Trichomoniasis, or what people usually call ‘Trich’, spreads via a tiny protozoan organism from genital contact. This one is a curable STD that shows minimal symptoms. Moreover, one symptom that indicates Trich is the unpleasant smell of genitals.
Herpes is the common name of HSV aka Herpes Simplex Virus that usually comes in 2 forms HSV-1 and HSV-2. It is one of the non-curable STDs that mostly happens due to oral sex.
9. Other types
These include some of the less known ones such as Chancroid, granuloma inguinale, scabies, and more.
A bunch of causes
Just like any other disease, there are some of the commonly known STD causes that you must know about. It often spreads through 3 means:
- Bacteria, and
But there are ways these can be transferred from one person to another. To name a few:
In the heat of the moment, people usually don’t care much about using protection and engage in sexual activities without thinking about the repercussions. This becomes one of the biggest reasons to attract STD unknowingly. Also, this is not just about intercourse but also happens during oral acts too.
Having sex with someone who is tested positive for such illness increases your chances of getting infected too. However, even if you are using protection you can still have it. Especially when there is a tear on the infected person’s skin. That’s your indication. Watch out.
This ignorance is more about medical ignorance. Regular checkups, regular medications, and all are necessary to treat your STD right and stop its transmission. Ignoring your medical requirements can become the biggest hazard to your sexual lifestyle.
More partners? More will be the risk of having an STD. Having sex with more and more people increases your chances of infections because the rate at which transmission happens increases way too much. Also, you don’t always talk about sexual history when you involve in intimate relations with a new person every day.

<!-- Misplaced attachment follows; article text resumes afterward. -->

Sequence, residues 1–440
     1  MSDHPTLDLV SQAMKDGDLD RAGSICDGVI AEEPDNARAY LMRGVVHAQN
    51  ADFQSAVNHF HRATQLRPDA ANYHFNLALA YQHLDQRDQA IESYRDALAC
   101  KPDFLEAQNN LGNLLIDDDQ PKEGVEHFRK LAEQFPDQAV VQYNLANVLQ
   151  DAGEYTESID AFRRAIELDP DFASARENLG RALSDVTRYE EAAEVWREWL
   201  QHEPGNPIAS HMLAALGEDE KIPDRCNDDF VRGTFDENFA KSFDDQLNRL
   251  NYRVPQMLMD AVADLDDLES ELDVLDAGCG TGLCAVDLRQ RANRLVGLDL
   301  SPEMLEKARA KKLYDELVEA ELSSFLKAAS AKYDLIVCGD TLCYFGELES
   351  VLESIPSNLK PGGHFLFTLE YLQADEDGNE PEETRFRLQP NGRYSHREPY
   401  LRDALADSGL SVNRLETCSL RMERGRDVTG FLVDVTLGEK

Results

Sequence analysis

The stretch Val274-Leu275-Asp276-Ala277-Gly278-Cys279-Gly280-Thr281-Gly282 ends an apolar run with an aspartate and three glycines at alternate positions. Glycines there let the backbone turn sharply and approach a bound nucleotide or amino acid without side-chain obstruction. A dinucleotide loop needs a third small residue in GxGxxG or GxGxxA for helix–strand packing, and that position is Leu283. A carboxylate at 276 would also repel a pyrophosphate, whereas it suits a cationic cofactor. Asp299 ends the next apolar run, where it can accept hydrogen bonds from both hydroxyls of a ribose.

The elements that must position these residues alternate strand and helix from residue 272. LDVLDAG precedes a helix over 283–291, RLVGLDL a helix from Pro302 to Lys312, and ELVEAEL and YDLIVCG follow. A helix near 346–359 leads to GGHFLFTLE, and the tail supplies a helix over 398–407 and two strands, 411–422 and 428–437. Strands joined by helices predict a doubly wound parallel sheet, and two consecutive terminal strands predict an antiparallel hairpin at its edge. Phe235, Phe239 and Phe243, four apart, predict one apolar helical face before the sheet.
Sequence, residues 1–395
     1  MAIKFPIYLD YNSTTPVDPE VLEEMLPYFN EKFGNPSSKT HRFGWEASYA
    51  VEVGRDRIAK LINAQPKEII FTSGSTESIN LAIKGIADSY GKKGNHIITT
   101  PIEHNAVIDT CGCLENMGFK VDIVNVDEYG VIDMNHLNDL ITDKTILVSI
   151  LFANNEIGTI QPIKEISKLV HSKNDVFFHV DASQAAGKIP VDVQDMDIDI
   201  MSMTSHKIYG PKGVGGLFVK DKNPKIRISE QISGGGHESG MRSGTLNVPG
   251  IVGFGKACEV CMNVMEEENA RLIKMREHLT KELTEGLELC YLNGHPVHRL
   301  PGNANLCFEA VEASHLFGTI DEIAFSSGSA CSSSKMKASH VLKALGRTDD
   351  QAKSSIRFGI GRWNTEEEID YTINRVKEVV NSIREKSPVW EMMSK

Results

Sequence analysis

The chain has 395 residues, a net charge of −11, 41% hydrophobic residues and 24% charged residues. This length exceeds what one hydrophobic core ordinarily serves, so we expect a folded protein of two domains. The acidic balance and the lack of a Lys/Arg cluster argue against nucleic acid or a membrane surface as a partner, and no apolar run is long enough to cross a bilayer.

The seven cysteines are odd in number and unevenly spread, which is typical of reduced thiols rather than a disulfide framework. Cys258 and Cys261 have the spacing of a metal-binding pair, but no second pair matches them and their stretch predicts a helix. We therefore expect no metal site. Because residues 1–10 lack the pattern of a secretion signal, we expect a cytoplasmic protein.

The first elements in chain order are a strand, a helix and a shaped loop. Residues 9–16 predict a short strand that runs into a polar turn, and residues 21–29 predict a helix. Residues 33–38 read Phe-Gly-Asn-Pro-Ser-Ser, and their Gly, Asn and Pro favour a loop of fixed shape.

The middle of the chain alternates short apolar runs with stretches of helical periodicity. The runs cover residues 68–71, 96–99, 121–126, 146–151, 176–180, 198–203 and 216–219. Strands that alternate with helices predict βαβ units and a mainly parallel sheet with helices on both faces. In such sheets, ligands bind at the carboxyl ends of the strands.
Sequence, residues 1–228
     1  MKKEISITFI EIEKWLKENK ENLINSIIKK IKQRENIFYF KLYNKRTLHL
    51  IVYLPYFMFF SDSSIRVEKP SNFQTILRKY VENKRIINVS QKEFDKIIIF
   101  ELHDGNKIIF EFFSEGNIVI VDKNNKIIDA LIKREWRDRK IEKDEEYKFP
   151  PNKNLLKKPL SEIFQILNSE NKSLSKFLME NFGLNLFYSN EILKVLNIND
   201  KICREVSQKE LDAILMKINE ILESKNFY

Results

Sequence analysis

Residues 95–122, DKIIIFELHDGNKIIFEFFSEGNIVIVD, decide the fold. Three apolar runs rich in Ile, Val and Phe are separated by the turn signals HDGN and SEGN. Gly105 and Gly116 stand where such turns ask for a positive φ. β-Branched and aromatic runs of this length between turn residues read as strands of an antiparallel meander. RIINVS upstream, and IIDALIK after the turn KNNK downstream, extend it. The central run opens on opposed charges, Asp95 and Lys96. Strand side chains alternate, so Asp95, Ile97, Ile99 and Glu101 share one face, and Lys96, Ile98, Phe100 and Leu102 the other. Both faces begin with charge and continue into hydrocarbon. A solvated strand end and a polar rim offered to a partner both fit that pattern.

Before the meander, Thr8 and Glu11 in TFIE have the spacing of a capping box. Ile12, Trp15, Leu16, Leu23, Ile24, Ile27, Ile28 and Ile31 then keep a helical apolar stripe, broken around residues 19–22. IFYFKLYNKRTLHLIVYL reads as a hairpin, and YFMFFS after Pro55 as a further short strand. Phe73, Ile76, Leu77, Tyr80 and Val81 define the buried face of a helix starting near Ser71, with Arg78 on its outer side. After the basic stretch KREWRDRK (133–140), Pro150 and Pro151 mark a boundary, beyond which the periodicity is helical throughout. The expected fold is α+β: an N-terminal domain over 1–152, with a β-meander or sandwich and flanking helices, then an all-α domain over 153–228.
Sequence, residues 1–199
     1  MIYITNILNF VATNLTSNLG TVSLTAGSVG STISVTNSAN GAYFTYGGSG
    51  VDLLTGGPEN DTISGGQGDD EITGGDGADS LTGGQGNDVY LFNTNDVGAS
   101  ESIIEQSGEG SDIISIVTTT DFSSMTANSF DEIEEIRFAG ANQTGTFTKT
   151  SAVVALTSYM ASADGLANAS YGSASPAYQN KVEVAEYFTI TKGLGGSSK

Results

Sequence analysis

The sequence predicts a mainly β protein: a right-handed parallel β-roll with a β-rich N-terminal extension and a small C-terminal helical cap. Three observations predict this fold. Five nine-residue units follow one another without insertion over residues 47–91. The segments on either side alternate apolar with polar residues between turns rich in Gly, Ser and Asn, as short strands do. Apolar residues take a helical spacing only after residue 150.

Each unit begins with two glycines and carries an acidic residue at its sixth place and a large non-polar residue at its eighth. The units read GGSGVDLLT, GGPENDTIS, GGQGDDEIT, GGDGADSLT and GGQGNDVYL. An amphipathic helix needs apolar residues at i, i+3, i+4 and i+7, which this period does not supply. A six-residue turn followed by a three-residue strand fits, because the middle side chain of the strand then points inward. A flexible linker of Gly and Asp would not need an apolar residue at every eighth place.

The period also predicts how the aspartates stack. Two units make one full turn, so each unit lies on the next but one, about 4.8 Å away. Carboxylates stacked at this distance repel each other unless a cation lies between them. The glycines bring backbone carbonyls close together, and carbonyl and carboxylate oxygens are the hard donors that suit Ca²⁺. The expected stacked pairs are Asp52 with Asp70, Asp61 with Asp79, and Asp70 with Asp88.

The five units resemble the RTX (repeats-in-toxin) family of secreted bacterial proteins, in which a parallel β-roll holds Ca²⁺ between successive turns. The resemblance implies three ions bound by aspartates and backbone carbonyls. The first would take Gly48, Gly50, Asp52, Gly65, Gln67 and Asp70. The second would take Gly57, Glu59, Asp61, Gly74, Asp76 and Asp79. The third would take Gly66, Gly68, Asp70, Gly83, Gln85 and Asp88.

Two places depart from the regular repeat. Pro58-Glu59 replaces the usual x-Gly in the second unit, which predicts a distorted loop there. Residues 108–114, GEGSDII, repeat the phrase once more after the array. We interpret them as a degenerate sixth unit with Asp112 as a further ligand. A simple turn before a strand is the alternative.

There are many non-sexual acts as well that are generally known to spread viruses and bacteria. Some of the common ones are using needles or syringes while having injections, piercings, or tattoos. For example, there are 0.23% or 1 in 500 chances of transmitting HIV via a needlestick that contains the blood of an HIV-positive person.
The above-mentioned causes are just a few of the common ones. Transfer of diseases or infections can happen through various other ways or actions. So, it’s better to stay safe and go with the precautions. But before that, you must know the symptoms that indicate the infection if you catch any.
How to figure it out? (STD Symptoms)
As we talked about earlier, some STDs are hard to identify because they don’t show any symptoms. However, it’s not the case with any of these diseases. So, here are some of the common symptoms you may know.
- Genital soreness
- Genital swelling or around it
- Dry skin
- Abdominal pain
- Itching while urinating
- Urine Burning
- Pain while peeing
- Fever, headache, and general illness feelings
- Pain during intercourse
- Vaginal discharge (other than normal)
- Penis or rectum discharge (symptoms of STD in men)
- Pelvic pain
Types of STD tests
It’s not like any of the symptoms discussed just now are an indication of an STD disease. However, it is best to get tested to make sure you are on the safer side. But what types of tests are there? You may have to get:
- Blood test
- Urine test
- Saliva test
- Discharge test
- Genital swab test
- Erectile swab test
Common STD Myths and Facts
Sex education often comes with the biggest misconceptions. The same thing happens with the diseases that come with it. So, down there are some of the common myths you will hear about STDs, and let’s debunk them and know the STD facts.